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History, Ecology, and the Power of Place

drone view of spit of land that sticks out from forest into calm water

An aerial view of the shoreline at Skolfield Shores Preserve (Jamie Hark photo)

Picture it: a tidal cove flanked by salt marshes, exposed mud flats at low tide, and osprey hunting when the tide is high. A place where horseshoe crabs spawn in May and June, where ferns and trout lilies carpet the woodland floor, and evergreens lean and spire toward sunlight. Breathe the mixed scent of pine and sea, a haunting fog, sun crackling on winter’s first snowfall. Picture it, and then go there.

Skolfield Shores Preserve, right at the gateway to Harpswell Neck, has become a well-loved system of trails and preserved wildlife habitat that almost wasn’t. In 1999, 24 acres along Upper Middle Bay were purchased by a developer who planned to divide the land into eight house lots. To build would have required clearing of the woodland behind Merrucoonegan Farm and its nineteenth century farmhouse. Road construction would have divided the property.

Now picture houses, roads, no trespassing signs, less access to the shore for livelihood or recreation. Add to that the less visible impacts of development: erosion, nitrogen-rich runoff into Middle Bay that increases the likelihood of algal blooms, loss of healthy forest habitat and wildlife corridors, and greater consumption of groundwater – one of Harpswell’s more limited natural resources.

In 2001, HHLT opened negotiations to purchase and preserve 19 of the 24 acres that were slated for development. At the same time, home construction was also planned for the 3.5-acre field at the head of Bailey Island’s Mackerel Cove. Knowing that building in these places would permanently change the rural and coastal character of Harpswell and further limit public access, HHLT launched a Special Places for Harpswell Campaign, ultimately raising the $1.6 million required to purchase and preserve both properties.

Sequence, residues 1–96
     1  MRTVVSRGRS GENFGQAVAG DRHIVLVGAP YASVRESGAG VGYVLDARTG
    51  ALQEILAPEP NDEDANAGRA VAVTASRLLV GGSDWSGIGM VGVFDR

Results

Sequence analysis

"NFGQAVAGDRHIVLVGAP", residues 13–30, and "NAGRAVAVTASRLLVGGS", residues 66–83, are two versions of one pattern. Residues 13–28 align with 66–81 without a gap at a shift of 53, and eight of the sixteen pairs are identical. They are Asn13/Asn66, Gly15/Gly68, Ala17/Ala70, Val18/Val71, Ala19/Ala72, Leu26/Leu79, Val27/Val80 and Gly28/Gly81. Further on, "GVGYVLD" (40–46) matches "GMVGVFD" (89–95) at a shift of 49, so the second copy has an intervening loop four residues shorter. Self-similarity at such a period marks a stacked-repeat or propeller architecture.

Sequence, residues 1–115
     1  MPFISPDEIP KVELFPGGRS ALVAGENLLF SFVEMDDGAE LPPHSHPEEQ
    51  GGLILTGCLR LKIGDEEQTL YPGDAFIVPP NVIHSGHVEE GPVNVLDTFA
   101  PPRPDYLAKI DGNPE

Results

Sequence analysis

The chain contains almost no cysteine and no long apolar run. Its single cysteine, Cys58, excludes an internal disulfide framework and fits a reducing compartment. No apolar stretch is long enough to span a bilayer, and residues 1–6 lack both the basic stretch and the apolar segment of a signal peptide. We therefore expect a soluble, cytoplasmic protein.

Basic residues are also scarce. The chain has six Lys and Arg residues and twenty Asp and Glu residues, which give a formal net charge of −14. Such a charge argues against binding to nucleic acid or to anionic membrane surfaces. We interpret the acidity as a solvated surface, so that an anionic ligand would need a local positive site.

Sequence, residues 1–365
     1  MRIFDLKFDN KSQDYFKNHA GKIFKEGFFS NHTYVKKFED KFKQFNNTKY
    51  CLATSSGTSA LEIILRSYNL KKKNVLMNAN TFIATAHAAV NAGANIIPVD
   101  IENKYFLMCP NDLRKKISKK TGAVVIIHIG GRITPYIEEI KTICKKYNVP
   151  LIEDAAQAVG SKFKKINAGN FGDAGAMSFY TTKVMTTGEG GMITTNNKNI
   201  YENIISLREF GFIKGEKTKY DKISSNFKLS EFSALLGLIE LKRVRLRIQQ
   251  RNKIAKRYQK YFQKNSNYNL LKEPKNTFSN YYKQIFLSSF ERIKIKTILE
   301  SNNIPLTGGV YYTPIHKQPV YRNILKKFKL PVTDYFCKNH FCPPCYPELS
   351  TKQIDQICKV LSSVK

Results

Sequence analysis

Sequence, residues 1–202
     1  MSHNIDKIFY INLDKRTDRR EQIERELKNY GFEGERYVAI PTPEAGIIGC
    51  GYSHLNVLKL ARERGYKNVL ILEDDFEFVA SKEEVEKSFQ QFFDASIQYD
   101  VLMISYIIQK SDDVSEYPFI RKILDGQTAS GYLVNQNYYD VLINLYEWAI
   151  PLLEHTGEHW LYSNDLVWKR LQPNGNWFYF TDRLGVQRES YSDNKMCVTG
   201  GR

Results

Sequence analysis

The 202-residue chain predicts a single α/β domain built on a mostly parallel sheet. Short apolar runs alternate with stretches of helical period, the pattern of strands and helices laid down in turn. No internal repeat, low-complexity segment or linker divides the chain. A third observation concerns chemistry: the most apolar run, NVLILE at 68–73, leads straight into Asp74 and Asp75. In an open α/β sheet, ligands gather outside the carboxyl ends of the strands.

Skolfield Shores Preserve comprises a trail system that winds through coastal woodlands and along the rocky shore. It protects more than 4,000 feet of shoreline on Middle Bay Cove. The woodland along this shoreline absorbs and filters rain and stormwater that would otherwise wash sediments and excess nutrients into the cove. Along with the adjacent fields and salt marshes, it provides essential wildlife habitat. The trail system gives the public access for recreation, shellfish harvesting, and hunting.

Stunning view and public shoreline access aside, there is history on this land that has shaped the nature of the entire town. The farm’s name, Merrucoonegan, is an Abenaki word indicating a place of swift or easy portage, inferring a summer encampment of native peoples that long predated settlement and colonization. Keeping Skolfield Shores wild preserves some of that history and reminds us that colonial settlers were not the first ones to have a relationship with this land. It’s the beginning of honoring native peoples’ presence and stewardship of this place.